General Court Martial of Peter Brady
[Extract of the General Court Martial whereof Major William MARTIN was president, held at New York, between April 7th, 1777 and April 11th, 1777.]
Peter BRADY, private Soldier in His Majesty’s Provincial Regiment of Foot, called the Queen’s American Rangers was brought before the Court, and accused of having advised Richard QUIN, private Soldier in the 4th or the King’s own Regiment of Foot, to desert His Majesty’s Service, and join the Rebel Army.
Richard QUIN, being duly sworn, deposed that about a month ago, as he was sitting in the Hospital, with the prisoner, he told him that if he would desert with him to the Rebel Army, he would pay his expences to Pensylvania;
that he (the Prisoner) expected to be made a Captain, and he would get the Witness a Lieutenancy;
that on Goodfriday last, as they were walking together in the Street the Prisoner again held the same conversation;
and he mentioned what the Prisoner had said to him in the Hospital to Serjeant READE of the 4th Regiment the same day that it happened;
that the Serjeant told him that perhaps he was drunk, and therefore bid him take no notice of it, unless he mentioned it again;
that upon the Prisoner talking to him upon the Subject a second time, he mentioned it to one Thomas HADDEN, private Soldier of the 23rd Regiment, who is now lame and unable to leave the Hospital;
that upon the Prisoner being ordered into Confinement, he threatened the Witness’s life for discovering what he had said to him.
Q. Does he know of the prisoners having been in the Rebel Service before?
Q. Was anybody present when the prisoner threatened his life for having discovered what he had said to him?
Q. (by desire of the Prisoner)— When did the Prisoner tell him that he himself intended to go away?
Q. Does it come within his knowledge, that the Prisoner had not received any money, since he enlisted in the Queen’s Rangers?
Serjeant Samuel READE of the 4th, or King’s own Regiment, being duly sworn, deposed that about a month ago, he met Richard QUIN in the Street, when he told him that some man had been advising him to desert, but he did not mention his name;
that QUIN appeared to be a little in liquor, and the Witness being employed in business, he did not attend to him, but told him that perhaps the man was drunk when he said so, and bid QUIN in case he talked to him again on the Subject, to inform him (the Witness) of it, but he has never heard any thing more on the matter since.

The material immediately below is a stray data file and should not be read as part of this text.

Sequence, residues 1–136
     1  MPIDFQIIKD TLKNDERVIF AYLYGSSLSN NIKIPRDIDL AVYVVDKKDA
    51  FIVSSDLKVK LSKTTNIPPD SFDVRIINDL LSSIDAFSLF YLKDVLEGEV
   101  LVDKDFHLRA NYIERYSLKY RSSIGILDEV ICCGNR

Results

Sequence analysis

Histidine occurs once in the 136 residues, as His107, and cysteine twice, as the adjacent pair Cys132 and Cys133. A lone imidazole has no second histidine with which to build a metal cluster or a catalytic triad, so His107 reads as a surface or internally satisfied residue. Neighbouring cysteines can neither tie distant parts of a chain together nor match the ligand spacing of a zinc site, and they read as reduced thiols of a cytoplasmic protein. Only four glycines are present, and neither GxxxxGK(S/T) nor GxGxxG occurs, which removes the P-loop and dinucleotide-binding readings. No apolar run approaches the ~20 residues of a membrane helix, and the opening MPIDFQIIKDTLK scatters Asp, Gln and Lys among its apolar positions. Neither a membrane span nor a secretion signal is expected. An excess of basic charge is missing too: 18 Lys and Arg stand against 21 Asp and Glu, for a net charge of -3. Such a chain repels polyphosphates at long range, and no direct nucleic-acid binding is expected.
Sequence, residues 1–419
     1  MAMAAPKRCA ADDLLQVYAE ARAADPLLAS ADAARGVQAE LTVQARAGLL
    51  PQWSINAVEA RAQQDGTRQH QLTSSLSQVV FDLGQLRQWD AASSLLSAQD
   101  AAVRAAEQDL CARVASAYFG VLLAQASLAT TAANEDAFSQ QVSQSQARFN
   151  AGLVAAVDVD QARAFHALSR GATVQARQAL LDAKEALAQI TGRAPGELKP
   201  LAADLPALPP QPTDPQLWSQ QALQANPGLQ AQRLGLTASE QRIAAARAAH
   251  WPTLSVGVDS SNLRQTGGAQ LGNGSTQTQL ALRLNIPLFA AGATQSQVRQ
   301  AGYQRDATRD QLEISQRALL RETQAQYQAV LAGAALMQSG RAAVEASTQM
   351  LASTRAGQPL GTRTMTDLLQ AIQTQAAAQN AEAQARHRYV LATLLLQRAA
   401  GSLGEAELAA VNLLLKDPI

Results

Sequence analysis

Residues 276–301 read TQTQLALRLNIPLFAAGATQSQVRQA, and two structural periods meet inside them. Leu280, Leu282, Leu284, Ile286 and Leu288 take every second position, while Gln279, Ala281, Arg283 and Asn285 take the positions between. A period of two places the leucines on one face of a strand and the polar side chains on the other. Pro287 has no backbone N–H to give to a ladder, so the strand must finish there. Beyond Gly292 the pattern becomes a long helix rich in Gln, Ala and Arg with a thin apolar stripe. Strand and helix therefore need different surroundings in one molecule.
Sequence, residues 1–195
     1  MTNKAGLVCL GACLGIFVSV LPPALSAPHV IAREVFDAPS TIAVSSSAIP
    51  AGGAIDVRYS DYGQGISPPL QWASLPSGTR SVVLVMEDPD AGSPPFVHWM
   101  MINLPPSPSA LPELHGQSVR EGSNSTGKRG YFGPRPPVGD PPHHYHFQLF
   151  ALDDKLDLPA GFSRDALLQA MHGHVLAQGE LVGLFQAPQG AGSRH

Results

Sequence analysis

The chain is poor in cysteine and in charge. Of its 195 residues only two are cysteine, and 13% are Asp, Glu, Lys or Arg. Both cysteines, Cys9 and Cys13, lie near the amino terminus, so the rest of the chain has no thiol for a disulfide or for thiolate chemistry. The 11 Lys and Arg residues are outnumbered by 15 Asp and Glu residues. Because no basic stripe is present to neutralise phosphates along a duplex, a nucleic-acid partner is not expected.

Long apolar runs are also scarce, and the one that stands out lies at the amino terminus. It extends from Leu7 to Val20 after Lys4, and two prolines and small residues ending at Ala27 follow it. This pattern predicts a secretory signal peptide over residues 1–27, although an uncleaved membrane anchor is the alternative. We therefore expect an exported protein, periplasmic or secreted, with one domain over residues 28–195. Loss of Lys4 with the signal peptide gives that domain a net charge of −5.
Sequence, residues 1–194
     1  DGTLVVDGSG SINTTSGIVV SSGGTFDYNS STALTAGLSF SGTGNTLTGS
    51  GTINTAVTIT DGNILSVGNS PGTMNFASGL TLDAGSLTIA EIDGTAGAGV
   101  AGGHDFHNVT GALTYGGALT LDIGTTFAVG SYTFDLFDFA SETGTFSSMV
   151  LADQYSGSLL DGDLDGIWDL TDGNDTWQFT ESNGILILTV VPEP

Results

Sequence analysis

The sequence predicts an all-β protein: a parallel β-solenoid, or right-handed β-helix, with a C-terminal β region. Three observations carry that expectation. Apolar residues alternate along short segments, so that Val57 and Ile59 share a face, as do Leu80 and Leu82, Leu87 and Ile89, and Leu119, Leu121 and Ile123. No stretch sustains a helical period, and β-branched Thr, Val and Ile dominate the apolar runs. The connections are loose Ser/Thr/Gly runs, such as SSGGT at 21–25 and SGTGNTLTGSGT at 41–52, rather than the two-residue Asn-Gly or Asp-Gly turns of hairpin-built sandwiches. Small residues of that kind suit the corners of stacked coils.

Thomas EARLE, private Soldier, in the 52nd Regiment of Foot, being duly sworn, deposed that he was present when the Prisoner was apprehended for advising QUIN to desert;
that he fell into a violent passion, and ran to a bayonet, swearing that he would stab him, but the Witness prevented him from taking the bayonet; that he denied his having ever advised him to desert.
Q. Did QUIN ever mention to him that the Prisoner had advised him to desert?
Q. Does he know of any quarrel having happened between QUIN and the Prisoner?
Henry PRIOR private Soldier of the 4th Regiment of Foot, being duly sworn, deposed that he was ordered by Dr. MALLETT and an officer of the Queen’s Rangers to put the Prisoner in Confinement, for offering money to QUIN to desert and as he was conducting him to the Main guard, under the escort of a file of Hessians, he made his escape from them, but was taken again near the Colledge.
The Prisoner being put upon his defence denied that he ever advised QUIN to desert, as he had deposed;
he said that it was impossible for him to have given QUIN money to carry him to Pensylvania, as he had not received any pay since he inlisted in the Queen’s Rangers;
that some dispute having happened between QUIN and him, he imagined that it was from a grudge he bore him that he invented this story.
Lieutenant Colonel Robert ROGERS of the Queen’s American Rangers, being called upon by the Prisoner, to give testimony of his character and behaviour, and being duly sworn, he deposed that the prisoner was one of a number of rebel prisoners, who inlisted in the Queen's Rangers;
that he and four more had entered into an agreement to desert to the rebel Army, but the prisoner informed the witness of their intention;
that in other respects he behaved well.
The Court having duly considered the evidence for and against the prisoner, together with what he had to offer in his defence, is of opinion that he is guilty of the crime laid to his charge, in breach of the 4th Article of War of the 6th Section, and doth therefore Sentence him the said Peter BRADY to receive one thousand lashes on his bare back with a Cat of nine tails.
Will. MARTIN President
Step: P: ADYE
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